Chapter 14 Preservation

“My next piece of evidence is the science behind preservation,” I say.

“Please go on,” says Afonso III.

“In the nineteenth century morticians used Arsenic compounds to preserve human bodies long after they had been buried,” I say.

“What is that and why is it important to this case?” says St. Teresa.

“People poisoned their enemies with Arsenic since the time of the ancient Greeks. During your time, in the Kingdoms bordering the Vatican, heirs poisoned their kings and queens with Arsenic to inherent fortunes,” I say.

“Arsenic is a poison and a preservative. So if a person is poisoned with Arsenic they will be preserved,” I say.

“Be very careful where you tread,” says Afonso III.

“Are you accusing one of Queen Urraca’s children of murder? Someone here?” says St. Mafalda.

“I’m not accusing anyone, but I say a person poisoned her with Arsenic. Before I can accuse someone, first, I need to learn who had access to Arsenic. Second, who had access to the Queen? Third, who benefited from her death, and so had a motive? The last consideration is who possesses the evilness to commit this premeditated act of murder?” I say.

The eyes of the Saints and Afonso III turn to Afonso II while Queen Urraca looks at her feet.

“Again, I say tread with care,” says Afonso III.

“Don’t look at me. I was a good king. I never killed my wife,” says Afonso II.

“Before we continue, I wish to point out something,” says St. Teresa.

“Go ahead,” says Afonso III, the judge.

“I too was uncorrupted. I was buried on June 17, 1250, the feast day we are celebrating today. In 1617 the Cistercian nuns opened my tomb, and it was confirmed a few months later by the Bishop, my body was intact and uncorrupted. The Bishop considered my condition a miracle. And I was not poisoned by Arsenic!” says St. Teresa.

“You, Mr. Time Explorer will have to give more proof of the poisoning by Arsenic of Queen Urraca,” says St. Sancha.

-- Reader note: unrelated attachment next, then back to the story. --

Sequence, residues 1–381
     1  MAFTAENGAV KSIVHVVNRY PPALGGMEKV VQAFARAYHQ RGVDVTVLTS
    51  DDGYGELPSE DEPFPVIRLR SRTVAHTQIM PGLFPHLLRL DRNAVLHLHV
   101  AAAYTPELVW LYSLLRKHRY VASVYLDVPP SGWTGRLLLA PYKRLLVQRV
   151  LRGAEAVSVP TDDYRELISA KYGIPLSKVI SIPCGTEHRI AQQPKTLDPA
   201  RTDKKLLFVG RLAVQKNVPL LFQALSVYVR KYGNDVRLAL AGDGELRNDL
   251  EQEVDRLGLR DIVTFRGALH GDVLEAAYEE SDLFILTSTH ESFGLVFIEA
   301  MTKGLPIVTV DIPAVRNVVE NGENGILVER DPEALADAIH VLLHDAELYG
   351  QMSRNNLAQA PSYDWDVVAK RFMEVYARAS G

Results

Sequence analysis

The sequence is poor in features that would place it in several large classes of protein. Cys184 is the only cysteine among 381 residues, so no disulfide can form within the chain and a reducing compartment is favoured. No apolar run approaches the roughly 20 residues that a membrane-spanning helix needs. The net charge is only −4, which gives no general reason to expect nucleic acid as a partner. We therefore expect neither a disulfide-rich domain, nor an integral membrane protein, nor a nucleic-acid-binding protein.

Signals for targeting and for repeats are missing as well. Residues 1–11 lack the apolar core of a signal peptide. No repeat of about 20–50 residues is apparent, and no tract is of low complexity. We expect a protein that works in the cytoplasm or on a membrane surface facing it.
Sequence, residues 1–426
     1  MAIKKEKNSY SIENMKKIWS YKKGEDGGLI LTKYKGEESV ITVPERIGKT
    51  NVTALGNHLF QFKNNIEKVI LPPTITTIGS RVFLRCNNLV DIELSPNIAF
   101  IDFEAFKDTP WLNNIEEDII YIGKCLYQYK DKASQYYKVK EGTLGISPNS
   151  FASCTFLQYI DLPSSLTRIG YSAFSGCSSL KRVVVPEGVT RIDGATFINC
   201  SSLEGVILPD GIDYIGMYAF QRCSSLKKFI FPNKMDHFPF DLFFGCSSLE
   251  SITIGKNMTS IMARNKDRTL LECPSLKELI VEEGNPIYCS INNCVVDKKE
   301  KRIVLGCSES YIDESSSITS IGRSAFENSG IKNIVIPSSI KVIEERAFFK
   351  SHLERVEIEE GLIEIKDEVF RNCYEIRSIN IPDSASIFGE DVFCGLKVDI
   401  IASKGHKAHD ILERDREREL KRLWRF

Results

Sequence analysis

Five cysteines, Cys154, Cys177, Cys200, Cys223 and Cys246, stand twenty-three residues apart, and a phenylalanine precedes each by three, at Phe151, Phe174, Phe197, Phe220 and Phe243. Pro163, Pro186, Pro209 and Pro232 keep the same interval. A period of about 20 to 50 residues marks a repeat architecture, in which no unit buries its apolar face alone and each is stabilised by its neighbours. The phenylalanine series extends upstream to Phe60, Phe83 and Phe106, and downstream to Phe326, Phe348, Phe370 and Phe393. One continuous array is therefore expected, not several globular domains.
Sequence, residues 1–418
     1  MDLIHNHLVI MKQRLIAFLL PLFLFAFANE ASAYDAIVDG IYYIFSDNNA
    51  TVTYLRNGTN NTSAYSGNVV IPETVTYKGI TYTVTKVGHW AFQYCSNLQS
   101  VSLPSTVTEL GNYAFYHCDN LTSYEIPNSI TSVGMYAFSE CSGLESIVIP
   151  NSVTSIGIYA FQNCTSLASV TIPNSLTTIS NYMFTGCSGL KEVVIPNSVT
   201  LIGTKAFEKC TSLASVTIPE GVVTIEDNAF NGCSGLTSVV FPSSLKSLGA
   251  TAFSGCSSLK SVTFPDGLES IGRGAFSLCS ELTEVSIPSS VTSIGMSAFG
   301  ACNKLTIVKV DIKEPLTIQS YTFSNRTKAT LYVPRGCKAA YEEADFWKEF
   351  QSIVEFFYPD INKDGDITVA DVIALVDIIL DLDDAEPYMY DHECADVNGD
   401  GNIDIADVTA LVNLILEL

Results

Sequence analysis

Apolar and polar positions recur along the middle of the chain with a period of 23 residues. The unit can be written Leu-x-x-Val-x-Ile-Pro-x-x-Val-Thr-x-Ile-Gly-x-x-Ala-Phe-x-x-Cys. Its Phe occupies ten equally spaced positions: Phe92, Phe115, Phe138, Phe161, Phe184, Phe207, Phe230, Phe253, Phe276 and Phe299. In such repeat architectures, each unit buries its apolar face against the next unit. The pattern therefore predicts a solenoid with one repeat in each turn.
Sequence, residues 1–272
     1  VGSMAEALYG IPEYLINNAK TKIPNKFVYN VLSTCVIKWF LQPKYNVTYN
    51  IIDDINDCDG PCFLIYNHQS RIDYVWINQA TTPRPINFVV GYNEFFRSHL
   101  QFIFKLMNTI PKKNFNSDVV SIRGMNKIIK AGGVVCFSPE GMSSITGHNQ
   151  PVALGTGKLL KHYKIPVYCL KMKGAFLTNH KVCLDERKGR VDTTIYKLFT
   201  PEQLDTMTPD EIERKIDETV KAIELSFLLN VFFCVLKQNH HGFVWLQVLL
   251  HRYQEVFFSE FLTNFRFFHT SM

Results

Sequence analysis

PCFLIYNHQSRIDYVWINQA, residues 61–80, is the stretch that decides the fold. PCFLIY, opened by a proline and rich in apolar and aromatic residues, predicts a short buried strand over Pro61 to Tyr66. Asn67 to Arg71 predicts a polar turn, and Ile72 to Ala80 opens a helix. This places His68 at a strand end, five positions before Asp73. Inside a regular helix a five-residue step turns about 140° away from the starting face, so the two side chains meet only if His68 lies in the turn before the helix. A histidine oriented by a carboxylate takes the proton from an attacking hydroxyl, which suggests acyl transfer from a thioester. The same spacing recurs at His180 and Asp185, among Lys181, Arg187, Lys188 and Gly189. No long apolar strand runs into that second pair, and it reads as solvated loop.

“This is an elaborate charade to tarnish my good name,” says Afonso II.

My dad re-enters the room. He leans over to my right ear and asks, “How’s it going?”

“Please allow me a minute to decide how I should continue, sir,” I say.

“You must prove if Queen Urraca had been poisoned or these proceedings are through,” says Afonso III.

“Yes, sir,” I say.

“Dad, I see you brought your small black bag. Did you bring your iPad?”

“Brought my bag, it has real maps, discount tickets, and a first aid kit,” he says.

“Didn’t ask for an inventory, do you have your iPad or not?” I ask.

He looks into the bag and pulls out the iPad and hands it sheepishly.

“I had searched for Arsenic poisoning symptoms and bookmarked the page,” I say.

“That’s geeky,” says Dad.

“I’m the son of the King of geeks,” I answer.

“The best description I found was of an East Indian swami[1] who was poisoned in the late nineteen seventies and the author described precisely the symptoms,” I say.

“Here is the description,” I announce.

“Dad, can you hold up your iPad for a minute? I’ll make summary notes and questions, and put them in my iPhone.”

Dad holds up his iPad.

“My aunts leave before sundown so please hurry,” says Afonso III. I nod and continue to two-thumb type furiously.

Dad puts away the iPad.

“To decide if Queen Urraca was poisoned, I need to call a witness,” I say.

“Only if the witness is dead and one of my aunts can summon the person,” says Afonso III.

“Yes sir,” I answer. I have a full headache now. It makes concentrating difficult.

“I summon Queen Urraca to step forward to be questioned,” I say. The court gasps in unison!

Footnote

[1] Swami – Hindu male religious teacher.

 

Read Chapter 15 Inquiry of the Queen